Repaying faith, the Mahmudullah way
Mahmudullah's career graph has seen an upward curve, somewhat in this manner: from a bits and pieces allrounder to an occasional match-winner, a liability carried around for 18 months to being a comeback hero in the game's biggest stage. Now, he's a fine thinker of the game, and more importantly a finisher Bangladesh has been yearning for.
He has aced this job in the Asia Cup, when circumstances have demanded him to show a bit of caution before bringing out his full range of strokes. It is a delicate balance that no one in the Bangladesh batting line-up has been able to do for years.
Mahmudullah had 7.3 overs to resurrect a collapsing Bangladesh innings against UAE. His unbeaten 27-ball 36 helped them to 133 for 8 in 20 overs, which proved too many for a brittle batting line-up. Against Sri Lanka, he came in to bat after Sabbir Rahman had laid a foundation with a rapid 80. All the innings needed was the finishing touches. Mahmudllah waltzed his way to a 12-ball 23.
Against Pakistan the situation was a bit more tricky. Bangladesh needed 42 runs in 5.4 overs in a must-win game. Mahmudullah's response was to work the ball around for the first five balls before hitting Mohammad Irfan over extra cover for a six. It somewhat completed his transition from a touch player to one who could change gears effortlessly. The six, in particular, won't be forgotten soon, and is likely to find its way into highlights packages for a while to come.
Mahmudullah said it was a shot he had planned for months. "The coach [Chandika Hathurusingha] has talked about that shot a number of times in training, especially when I batted on the granite plate," Mahmudullah told ESPNcricinfo. There were shots like the pull off the front foot or to hit over the covers. Pulling off that stroke in that moment made me more confident in that crucial stage."
Mahmudullah's nerve held off Pakistan's late charge. Mashrafe Mortaza got two important fours off a rampant Mohammad Amir before Mahmudullah split one between point and short third-man. Then in the final over, he fittingly struck the winning runs and then see his teammates nearly have him gasp for breath as them jumped on him in delight.
He later said that it was redemption of the 2012 Asia Cup final when he failed to take Bangladesh over the line against Pakistan in a tight contest that they lost by two runs. "That was definitely on the back of my mind, we were all disappointed," he said. "It was tough to get over that disappointment."
Now, as a regular contributor, Mahmudullah seems to have made a smooth transition from a batsman who struggled to express himself in the limited opportunities he received at No. 6 to one who thrives under pressure.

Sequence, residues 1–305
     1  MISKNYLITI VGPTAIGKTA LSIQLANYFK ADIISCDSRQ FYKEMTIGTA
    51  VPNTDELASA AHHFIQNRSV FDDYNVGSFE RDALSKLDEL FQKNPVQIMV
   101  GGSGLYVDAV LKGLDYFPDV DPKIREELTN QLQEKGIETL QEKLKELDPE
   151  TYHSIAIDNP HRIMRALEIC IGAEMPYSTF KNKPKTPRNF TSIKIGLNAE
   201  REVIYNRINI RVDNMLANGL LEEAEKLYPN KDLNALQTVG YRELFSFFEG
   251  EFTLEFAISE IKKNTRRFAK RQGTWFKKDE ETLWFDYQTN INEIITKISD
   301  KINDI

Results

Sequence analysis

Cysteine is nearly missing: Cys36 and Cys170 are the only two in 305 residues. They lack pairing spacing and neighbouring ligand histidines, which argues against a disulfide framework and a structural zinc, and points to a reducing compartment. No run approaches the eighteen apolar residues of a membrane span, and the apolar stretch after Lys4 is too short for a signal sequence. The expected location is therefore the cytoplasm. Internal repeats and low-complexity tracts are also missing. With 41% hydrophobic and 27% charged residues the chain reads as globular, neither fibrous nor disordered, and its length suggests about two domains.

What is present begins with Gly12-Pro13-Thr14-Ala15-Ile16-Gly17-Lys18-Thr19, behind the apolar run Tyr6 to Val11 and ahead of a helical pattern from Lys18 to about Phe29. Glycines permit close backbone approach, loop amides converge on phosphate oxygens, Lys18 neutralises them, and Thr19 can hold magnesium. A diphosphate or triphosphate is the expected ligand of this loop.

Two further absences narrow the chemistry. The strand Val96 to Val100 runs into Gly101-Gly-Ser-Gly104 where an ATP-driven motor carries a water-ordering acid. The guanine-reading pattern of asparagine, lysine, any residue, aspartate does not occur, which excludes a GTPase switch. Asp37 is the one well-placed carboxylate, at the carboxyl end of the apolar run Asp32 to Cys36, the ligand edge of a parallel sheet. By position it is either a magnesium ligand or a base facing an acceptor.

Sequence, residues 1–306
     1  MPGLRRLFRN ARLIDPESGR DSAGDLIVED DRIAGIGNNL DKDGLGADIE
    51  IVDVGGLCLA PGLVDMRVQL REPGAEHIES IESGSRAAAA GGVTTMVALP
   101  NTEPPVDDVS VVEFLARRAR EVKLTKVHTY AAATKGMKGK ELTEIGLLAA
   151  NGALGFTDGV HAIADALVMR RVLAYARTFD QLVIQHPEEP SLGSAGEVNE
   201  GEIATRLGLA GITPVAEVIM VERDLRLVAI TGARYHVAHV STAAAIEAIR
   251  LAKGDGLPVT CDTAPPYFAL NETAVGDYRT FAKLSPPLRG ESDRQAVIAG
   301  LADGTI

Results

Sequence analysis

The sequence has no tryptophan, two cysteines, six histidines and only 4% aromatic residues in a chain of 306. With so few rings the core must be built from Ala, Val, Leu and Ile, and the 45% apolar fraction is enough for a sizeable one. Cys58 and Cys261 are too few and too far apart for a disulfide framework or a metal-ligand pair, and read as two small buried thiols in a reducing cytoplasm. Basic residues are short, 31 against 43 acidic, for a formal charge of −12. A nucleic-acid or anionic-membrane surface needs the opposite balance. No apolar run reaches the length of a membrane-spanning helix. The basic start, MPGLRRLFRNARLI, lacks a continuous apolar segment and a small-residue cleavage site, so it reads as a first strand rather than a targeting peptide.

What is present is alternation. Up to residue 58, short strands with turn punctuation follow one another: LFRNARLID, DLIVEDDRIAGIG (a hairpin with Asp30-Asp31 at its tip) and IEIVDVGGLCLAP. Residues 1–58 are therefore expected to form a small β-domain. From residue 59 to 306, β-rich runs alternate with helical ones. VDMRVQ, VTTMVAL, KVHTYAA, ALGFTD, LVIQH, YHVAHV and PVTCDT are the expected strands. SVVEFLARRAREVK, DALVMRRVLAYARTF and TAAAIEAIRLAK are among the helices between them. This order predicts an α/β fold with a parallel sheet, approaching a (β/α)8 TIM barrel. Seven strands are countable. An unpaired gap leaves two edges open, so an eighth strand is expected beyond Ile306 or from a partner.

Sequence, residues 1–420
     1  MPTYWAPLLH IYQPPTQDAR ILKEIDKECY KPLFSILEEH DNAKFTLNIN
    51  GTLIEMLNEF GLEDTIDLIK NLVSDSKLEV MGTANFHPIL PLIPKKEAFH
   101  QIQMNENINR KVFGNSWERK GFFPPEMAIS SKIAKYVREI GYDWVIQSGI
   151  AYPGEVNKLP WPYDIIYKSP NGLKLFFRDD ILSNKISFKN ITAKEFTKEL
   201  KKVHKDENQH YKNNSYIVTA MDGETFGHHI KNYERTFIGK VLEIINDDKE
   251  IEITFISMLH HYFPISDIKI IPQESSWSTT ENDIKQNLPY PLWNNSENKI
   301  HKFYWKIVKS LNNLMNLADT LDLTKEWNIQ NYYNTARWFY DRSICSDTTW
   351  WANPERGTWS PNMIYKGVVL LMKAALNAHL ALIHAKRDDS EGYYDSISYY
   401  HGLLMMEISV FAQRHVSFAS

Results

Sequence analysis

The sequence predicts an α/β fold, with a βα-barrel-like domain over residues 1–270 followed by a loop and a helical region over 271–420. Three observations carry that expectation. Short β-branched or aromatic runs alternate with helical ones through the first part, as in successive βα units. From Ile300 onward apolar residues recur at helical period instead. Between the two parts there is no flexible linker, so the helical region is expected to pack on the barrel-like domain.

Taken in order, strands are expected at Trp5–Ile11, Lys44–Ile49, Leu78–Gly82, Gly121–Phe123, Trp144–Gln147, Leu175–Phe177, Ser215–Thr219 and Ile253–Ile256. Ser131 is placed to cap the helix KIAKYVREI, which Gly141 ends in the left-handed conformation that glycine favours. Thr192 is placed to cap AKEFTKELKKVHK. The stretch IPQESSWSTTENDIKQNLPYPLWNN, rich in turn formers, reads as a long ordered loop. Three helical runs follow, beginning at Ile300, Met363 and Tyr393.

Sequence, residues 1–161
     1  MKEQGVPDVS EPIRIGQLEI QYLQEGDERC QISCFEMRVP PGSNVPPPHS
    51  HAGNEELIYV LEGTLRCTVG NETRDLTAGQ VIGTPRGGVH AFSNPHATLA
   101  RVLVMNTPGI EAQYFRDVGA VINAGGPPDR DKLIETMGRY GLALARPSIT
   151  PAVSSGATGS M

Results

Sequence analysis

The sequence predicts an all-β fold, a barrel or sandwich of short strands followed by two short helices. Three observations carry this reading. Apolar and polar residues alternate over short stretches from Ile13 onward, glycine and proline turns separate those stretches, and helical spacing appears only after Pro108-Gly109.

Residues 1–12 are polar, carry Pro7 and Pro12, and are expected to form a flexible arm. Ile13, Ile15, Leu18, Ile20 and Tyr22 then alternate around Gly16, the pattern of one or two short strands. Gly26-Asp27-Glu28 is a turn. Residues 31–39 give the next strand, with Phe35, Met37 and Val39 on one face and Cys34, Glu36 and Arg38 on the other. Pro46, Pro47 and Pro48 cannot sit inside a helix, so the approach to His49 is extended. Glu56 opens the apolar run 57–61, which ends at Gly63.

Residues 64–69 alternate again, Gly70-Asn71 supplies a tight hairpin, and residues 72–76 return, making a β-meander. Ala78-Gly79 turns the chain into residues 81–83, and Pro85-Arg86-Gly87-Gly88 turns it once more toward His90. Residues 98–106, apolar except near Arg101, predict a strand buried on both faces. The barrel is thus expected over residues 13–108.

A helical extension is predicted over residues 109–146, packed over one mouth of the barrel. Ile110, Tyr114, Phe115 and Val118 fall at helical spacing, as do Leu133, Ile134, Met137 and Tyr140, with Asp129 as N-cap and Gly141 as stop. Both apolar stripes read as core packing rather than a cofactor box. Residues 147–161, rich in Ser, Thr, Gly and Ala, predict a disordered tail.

"It feels good to be contributing to the team's cause. I was given this role during the T20s against Zimbabwe late last year," he said. "The coach told me that I have to bat at No 6 or 7. He also told me that I might have to bat higher up the order but the concept was for me to have a role to finish the innings. I can feel the difference now between the sort of player I was a few years ago and how I am now. The team expects from you when you have scored some important runs. I am ready for the responsibility that has come my way."
Mahmudullah believes his approach to batting lower down the order is more about selecting which shots to play rather than trying to be ground-breaking with his strokeplay. Once again, there was a mention of his pre-World Cup routine, where he batted on granite tops.
"It was more about shot selection rather than innovation," he said. "It was also important to execute those shots properly and I think that has certainly improved in my batting. I think batting on the granite surface has really helped me a lot. I tried to train myself so that I could think of myself in that role at a personal level. I think the camps in Khulna and Chittagong helped us to be more proactive as T20 players. I trained harder by attempting to play those shots that I needed to play in the death overs," he said.
There was a time in the first three years of his career when Mahmudullah looked like an odd choice to bat at No 7 or 8 in the ODI and T20 teams. A Test century, a steely knock, against New Zealand in Hamilton earned him plaudits. But back then, Bangladesh just wanted to fill their line-up with batsmen to ensure that a collapse could be stopped.
Now, he is an established force in ODIs, a dependable middle-order batsman in Tests and has just started to bat like a T20 finisher. The new role is going to give Mahmudullah an edge over other batsmen in his team, and his all-round strokeplay will keep him self-assured in the Asia Cup final against India.